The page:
The King of Fighters XIV Review


Punch Drunk

You lucky, lucky obscure Japanese fighting game fans! Just as you’re getting done with Guilty Gear Xrd Revelator, along comes another slice of Eastern punchy madness to satiate your appetite! It’s only a new King of Fighters game!

Game: The King of Fighters XIV
Developer: SNK
Publisher: Deep Silver
Reviewed on:

king of fighters box

(Review copy provided by publisher)

Originally launched to arcades in 1994, SNK’s series mashes together characters from their NeoGeo fighting games, Fatal Fury and Art of Fighting, alongside original characters. The hook here is that players pick a team of three characters rather than the usual one. Unlike Capcom’s later team based fighting games, SNK didn’t run on a tag-team format; instead, players order their roster before each fight and, instead of rounds, the battle ends when one side has been completely knocked out. This lends itself to a subtle strategy of trying to find the best balance on your team and put them out in the best order for the opposition you’re going up against.

The series initially ran on a pretty much annual basis, moving from arcade to home consoles up to King of Fighters XIII in 2010, but little has been seen of it since. The silence, however, has been broken in style with this years 14th iteration in the franchise. KOFXIV doesn’t reinvent the formula from the previous games; it’s still three on three action all the way. Single players can battle through a story mode, ten rounds of fighting capped with a battle against a somewhat cheap final boss – fairly standard fighting game fare. The “story” aspect comes from a series of pre-baked cutscenes and occasional dialogue branches pre-fight that change up depending on which characters are in your roster and who they are going up against. Other than the story mode, there is the usual couch VS (which can be played as a one on one fighting game if you’d prefer) and online VS modes, as well as artwork galleries which can be unlocked as you play and a fairly extensive training mode to help newbies learn the ropes. While it’s a solid package for a fighting game, it does feel a little light on the ground given the recent offerings from Guilty Gear and Neversofts’ Mortal Kombat and DC titles with their lashings of unlocks, challenge modes and extensive stories.

A big change for KOFXIV sees the series move fully from hand animated sprites to 3D characters. While it’s a shame that the gorgeous 2D from XIII has been done away with, the 3D models look great, retaining that familiar SNK art style and fluidity of movement. The character roster itself is also very substantial – 50 characters with 48 available from the start and 2 unlocked by completing the story mode. It does seem a little overwhelming but being able to choose three at a time will let players experiment with different combinations and the button combinations for special moves will all be familiar for fighting game veterans.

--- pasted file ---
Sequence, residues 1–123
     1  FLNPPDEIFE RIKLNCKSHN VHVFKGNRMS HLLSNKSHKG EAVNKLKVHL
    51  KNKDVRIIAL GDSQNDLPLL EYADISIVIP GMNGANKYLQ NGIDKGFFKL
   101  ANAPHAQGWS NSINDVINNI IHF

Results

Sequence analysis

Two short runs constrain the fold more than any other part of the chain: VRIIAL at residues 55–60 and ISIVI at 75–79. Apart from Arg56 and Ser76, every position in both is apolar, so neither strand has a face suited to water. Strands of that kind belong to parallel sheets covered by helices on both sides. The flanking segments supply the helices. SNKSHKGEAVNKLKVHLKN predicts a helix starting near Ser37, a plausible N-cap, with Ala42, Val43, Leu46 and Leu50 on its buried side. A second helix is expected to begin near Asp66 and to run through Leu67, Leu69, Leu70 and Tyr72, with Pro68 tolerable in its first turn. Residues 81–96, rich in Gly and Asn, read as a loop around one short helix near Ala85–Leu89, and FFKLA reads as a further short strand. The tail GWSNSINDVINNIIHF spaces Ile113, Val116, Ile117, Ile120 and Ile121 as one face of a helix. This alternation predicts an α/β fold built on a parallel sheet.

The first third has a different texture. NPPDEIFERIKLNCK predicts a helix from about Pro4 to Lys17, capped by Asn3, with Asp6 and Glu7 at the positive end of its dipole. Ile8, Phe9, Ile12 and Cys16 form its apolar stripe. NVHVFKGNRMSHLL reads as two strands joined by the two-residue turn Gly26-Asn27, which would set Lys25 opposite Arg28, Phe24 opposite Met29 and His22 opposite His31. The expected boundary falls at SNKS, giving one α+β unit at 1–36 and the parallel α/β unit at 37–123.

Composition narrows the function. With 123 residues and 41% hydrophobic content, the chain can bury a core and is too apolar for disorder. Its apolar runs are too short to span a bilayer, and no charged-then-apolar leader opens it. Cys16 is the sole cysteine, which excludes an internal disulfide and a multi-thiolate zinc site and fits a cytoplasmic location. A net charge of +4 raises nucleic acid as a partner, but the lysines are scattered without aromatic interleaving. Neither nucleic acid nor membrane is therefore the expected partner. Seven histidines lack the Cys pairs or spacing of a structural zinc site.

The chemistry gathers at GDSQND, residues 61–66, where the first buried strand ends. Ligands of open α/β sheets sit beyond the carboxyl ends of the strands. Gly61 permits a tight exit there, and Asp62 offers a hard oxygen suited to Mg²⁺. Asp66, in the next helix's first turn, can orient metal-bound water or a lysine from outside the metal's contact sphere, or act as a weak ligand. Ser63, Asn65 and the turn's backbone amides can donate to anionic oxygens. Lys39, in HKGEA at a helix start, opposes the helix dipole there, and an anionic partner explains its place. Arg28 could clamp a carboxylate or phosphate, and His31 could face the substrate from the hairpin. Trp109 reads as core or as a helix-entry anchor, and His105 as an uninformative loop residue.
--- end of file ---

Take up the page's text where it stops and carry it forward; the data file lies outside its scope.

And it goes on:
Indeed, familiarity seems to be the name of the game here; the fighting system itself is robust and straightforward with some guard breaks, dodges and counter attacks implemented intuitively and feels very much like an SNK game. There is a new system implemented in the form of a “Max” mode which allows players to perform unlimited super moves for a short space of time. With a range of moves to learn for each player, ranging from straightforward to complex, there is a decent amount of depth here for new and returning players.

If I could level one criticism at the game, it’s that it feels “safe”. The gameplay and visuals are solid, if nothing special; the roster is big and well balanced, if nothing spectacular. There is a lack of outlandish characters compared to, say, Tekken or the recently released Guilty Gear title. But it seems like a weak criticism as KOFXIV is, at the end of the day, a fun game for both solo or multiplayer.


Whether you like to play alone, online or, ideally, on a couch with a bunch of friends, King of Fighters XIV is a solid and fun experience. There are, admittedly, deeper fighting game experiences available including the frankly bonkers Guilty Gear Xrd Revelator and the more tournament focused Street Fighter V, but for some old school larks you can’t go too wrong with KOFXIV.


Writes and produces films at independent outfit Shortorme Productions. Records music under the guise of Stage of History. Gamer since the days of the ZX Spectrum. Always on the lookout for something new and fresh.

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